3.2. Hematological parameters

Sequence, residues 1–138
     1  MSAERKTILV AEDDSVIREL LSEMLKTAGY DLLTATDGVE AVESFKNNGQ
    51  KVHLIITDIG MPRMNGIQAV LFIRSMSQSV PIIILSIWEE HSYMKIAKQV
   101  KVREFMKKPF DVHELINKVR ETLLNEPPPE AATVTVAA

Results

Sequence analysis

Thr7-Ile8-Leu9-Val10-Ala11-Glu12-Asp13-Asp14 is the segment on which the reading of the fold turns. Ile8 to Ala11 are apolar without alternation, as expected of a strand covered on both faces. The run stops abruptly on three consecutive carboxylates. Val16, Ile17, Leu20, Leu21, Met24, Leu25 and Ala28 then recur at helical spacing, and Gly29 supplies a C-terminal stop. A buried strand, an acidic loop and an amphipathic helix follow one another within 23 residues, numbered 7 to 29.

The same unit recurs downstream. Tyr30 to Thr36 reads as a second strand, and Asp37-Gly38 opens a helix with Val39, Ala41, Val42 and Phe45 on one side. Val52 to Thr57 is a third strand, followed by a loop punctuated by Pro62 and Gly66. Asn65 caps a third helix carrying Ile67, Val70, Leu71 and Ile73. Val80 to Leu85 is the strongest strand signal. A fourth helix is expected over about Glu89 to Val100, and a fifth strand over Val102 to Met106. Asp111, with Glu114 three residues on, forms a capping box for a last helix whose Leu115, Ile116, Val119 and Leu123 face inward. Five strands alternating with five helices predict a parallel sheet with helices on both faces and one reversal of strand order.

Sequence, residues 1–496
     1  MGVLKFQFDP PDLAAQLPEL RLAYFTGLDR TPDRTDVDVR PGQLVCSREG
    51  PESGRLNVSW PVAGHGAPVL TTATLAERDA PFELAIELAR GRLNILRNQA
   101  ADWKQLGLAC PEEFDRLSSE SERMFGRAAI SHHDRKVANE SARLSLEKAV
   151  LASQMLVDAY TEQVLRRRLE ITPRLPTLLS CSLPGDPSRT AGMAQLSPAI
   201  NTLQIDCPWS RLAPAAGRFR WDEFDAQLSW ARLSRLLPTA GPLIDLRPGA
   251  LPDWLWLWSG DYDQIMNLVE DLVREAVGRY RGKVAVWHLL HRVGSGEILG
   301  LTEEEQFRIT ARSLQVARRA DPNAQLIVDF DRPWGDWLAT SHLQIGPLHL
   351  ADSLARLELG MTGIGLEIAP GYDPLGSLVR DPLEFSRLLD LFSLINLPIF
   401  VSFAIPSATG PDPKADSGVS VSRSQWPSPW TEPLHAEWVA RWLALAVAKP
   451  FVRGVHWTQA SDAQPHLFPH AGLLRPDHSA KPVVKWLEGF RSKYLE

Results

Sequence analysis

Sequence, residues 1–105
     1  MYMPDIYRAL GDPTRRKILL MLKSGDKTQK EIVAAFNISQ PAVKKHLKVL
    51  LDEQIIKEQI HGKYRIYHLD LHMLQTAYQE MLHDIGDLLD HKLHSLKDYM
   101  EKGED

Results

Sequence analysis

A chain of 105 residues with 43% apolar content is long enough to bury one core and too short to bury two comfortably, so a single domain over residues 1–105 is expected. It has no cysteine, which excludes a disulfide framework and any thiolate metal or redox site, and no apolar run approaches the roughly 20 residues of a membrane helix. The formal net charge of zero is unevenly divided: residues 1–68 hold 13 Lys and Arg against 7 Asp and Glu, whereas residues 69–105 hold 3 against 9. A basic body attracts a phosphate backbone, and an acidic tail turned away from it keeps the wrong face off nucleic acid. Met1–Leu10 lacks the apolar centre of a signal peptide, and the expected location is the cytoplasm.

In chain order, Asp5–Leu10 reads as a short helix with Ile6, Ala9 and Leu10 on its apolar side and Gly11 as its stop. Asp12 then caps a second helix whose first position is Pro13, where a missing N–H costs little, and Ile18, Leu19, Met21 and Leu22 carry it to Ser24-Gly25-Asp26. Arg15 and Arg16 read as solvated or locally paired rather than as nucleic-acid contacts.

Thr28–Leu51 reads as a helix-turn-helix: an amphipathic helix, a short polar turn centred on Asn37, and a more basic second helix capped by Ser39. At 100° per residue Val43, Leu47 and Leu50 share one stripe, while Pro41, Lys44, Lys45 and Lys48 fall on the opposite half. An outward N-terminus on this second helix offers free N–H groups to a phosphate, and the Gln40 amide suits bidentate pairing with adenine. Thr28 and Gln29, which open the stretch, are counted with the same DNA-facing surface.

The concentrations of hemoglobin and the percentage of hematocrit are presented in Figure 3. No statistical differences were found per year between zones (MW-U, p > 0.05). The levels of both parameters were similar in the toads resident in the rural area in 2008 (Hb = 9.05 ± 0.4 g/dL, HT = 34.6 ± 1.9%) and 2016 (Hb = 8.3 ± 0.4 g/dL, HT = 37.4 ± 1.6%) as well as those of the industrial zone in both years (Hb = 7.6 ± 0.3, HT = 32.3 ± 1.4; Hb = 7.9 ± 0.7 g/dL, HT = 30.7 ± 2.2%, respectively) (Figure 3B and C). However, when comparing by area in each year, a statistically significant decrease in the hemoglobin concentration of R. marinaof the industrial zone was obtained in the sampling of 2008 (MW-U20,20 = 86.5, p < 0.05). While for 2016, Hb levels were similar (p > 0.05) (Figure 3B). Otherwise, with the percentage of HT, the levels in 2008 were similar in both areas. However, for 2016, a significant decrease was observed in the toads of the industrial zone (MW-U19,11 = 54.0, p < 0.05) (Figure 3C). When both parameters were integrated in MCHC (Figure 3D), a statistically significant decrease was observed in the toads of the rural area in 2016 (22.1 ± 0.4 g/Hb 100 mL)(MW-U20,19 = 50.5, p < 0.001). When comparing areas for each year, a statistically significant decrease was obtained for organisms in the industrial zone (23.7 ± 0.4 g/Hb 100 mL) compared to those in the rural area (26.6 ± 0.7 g/Hb 100 mL) in the 2008 sampling (MW-U20,20 = 118.0, p < 0.05). While in the 2016 sampling, toads from the rural area showed a significant decrease compared to those in the industrial zone (25.6 ± 0.9 g/Hb 100 mL)(MW-U19,11 = 37.5, p < 0.05). In turn, it is also observed that Coatzacoalcos toads showed higher levels (1.2–2.1 times) in the hematological parameters compared to those maintained in the laboratory (17.7 ± 1.1 g/Hb 100 mL).